The new bailout program for Greece continues to divide the country’s international creditors as the International Monetary Fund (IMF) refuses to go along with the reform guidelines proposed by Athens and EU officials.
The position of the IMF is that Greece is in need of deeper reform measures but that the country also needs debt relief as its debt-to-GDP ratio is unsustainable.
In the light of this “deadlock,” European Commission, European Central Bank and European Stability Mechanism officials held a meeting yesterday in Frankfurt in hopes of finding a common ground about the “fiscal gap” and the measures that Greece needs to implement as part of the new bailout agreement.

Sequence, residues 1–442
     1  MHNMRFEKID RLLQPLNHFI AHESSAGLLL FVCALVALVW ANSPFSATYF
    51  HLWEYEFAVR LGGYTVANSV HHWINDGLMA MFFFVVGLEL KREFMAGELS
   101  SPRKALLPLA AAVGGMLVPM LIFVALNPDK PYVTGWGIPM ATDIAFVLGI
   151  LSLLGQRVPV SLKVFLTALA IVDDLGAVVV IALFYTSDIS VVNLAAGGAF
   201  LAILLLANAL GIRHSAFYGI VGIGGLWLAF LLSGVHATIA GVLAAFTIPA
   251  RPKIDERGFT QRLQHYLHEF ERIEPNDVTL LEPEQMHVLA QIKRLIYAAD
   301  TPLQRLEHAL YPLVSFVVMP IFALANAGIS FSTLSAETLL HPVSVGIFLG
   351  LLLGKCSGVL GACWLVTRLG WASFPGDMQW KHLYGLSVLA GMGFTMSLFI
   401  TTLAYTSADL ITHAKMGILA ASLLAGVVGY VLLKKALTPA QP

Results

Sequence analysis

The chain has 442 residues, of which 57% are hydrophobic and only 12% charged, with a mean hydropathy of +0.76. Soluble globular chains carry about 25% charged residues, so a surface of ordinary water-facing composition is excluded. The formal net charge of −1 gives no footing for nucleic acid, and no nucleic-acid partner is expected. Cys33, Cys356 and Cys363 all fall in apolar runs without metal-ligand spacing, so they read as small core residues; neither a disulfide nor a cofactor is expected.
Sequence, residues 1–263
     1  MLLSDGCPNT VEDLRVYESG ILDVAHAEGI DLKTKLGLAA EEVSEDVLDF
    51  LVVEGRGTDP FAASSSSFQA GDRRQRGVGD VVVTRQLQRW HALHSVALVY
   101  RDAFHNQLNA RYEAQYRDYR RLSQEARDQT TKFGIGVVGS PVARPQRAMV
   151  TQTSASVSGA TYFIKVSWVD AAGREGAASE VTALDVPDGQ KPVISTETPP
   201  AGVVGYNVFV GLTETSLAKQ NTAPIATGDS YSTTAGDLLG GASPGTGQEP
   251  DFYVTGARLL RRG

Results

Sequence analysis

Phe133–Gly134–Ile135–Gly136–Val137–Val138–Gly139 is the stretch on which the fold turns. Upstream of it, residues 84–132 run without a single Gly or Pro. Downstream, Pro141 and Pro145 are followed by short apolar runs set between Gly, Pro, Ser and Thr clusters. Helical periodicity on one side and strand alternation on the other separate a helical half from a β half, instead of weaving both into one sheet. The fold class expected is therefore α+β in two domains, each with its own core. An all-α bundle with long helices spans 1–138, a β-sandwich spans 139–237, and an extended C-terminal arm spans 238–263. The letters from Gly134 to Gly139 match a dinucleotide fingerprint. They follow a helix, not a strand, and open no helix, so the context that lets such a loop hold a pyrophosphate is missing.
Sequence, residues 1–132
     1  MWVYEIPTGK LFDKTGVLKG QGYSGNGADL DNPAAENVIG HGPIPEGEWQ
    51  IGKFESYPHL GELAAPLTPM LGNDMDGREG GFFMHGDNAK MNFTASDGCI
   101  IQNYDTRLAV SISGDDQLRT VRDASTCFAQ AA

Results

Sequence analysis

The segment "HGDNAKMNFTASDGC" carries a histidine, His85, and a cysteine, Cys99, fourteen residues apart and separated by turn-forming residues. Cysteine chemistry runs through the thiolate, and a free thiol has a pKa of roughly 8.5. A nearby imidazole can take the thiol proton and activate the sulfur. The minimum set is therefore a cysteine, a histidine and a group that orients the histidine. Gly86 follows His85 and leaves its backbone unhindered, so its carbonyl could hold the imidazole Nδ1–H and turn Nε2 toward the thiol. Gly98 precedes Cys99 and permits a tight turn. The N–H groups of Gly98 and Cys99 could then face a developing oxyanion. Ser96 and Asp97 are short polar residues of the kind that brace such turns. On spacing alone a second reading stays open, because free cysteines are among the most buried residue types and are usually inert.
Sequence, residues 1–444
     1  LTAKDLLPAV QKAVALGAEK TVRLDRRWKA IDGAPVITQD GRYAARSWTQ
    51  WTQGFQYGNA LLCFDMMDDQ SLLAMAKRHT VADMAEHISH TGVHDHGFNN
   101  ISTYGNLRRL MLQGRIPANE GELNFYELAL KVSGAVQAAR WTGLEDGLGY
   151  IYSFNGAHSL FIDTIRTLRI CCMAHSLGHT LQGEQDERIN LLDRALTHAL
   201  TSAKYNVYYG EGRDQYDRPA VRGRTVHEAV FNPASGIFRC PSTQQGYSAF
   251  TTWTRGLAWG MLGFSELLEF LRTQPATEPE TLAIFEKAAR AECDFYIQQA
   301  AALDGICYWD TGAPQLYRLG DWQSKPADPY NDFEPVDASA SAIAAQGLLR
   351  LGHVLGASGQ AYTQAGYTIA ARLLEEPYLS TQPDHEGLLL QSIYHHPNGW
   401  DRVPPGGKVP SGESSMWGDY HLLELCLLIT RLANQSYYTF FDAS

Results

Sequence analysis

However, the meeting proved fruitless, according to various media reports, and all hope rests now with today’s meeting among Eurozones’ finance ministers in Brussels.
In the meantime, the latest data about GDP for 2015 have changed for the worst, which means there will be pressure for additional measures, especially on the part of the IMF.
EU officials appear content with Athens’ reform proposals, although there are some disagreements between the different actors, but the Fund remains keen on pushing for more draconian measures as it sees a far bigger Greek “fiscal gap” than either Brussels, Berlin, or Frankfurt.
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